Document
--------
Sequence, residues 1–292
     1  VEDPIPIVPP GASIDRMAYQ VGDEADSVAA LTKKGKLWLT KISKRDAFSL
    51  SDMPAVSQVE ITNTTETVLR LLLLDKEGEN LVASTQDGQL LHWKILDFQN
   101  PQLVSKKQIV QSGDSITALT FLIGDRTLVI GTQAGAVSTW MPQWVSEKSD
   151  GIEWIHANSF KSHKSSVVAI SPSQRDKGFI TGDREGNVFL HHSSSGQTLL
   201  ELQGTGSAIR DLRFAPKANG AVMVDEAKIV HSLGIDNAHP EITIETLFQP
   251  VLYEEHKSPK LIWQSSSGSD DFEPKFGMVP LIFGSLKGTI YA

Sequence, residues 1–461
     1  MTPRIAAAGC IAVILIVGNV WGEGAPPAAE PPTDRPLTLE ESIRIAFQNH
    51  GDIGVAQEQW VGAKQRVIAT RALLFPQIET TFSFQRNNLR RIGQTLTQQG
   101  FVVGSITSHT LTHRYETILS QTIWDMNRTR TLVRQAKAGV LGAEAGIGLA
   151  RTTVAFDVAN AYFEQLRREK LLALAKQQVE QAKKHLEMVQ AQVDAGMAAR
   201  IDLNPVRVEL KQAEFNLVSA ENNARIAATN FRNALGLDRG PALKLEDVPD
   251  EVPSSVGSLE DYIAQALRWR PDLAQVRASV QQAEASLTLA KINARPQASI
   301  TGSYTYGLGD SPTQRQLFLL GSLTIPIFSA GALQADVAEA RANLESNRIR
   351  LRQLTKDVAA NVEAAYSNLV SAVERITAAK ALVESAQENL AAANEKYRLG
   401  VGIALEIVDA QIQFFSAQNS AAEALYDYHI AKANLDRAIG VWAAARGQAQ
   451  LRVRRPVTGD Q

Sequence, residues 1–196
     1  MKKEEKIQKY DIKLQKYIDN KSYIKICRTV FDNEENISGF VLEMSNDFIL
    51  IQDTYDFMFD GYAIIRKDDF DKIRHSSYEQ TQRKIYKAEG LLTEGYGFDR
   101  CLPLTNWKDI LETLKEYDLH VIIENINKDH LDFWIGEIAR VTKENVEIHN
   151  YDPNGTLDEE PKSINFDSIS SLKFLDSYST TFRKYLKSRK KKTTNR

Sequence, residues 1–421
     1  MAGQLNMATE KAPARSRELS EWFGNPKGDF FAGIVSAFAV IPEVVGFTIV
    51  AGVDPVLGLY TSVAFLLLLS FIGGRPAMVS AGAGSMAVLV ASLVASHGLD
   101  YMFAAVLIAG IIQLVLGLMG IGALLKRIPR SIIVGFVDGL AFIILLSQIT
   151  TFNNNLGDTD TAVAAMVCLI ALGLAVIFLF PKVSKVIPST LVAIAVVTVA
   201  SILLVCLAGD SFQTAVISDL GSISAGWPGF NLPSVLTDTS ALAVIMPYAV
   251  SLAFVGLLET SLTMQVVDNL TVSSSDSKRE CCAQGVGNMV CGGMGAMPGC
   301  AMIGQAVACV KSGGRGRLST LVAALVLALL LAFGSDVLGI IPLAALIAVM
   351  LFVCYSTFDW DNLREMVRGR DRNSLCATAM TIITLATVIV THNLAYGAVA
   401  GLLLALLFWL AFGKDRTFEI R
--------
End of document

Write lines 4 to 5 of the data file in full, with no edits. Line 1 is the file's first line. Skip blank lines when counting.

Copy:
   101  PQLVSKKQIV QSGDSITALT FLIGDRTLVI GTQAGAVSTW MPQWVSEKSD
   151  GIEWIHANSF KSHKSSVVAI SPSQRDKGFI TGDREGNVFL HHSSSGQTLL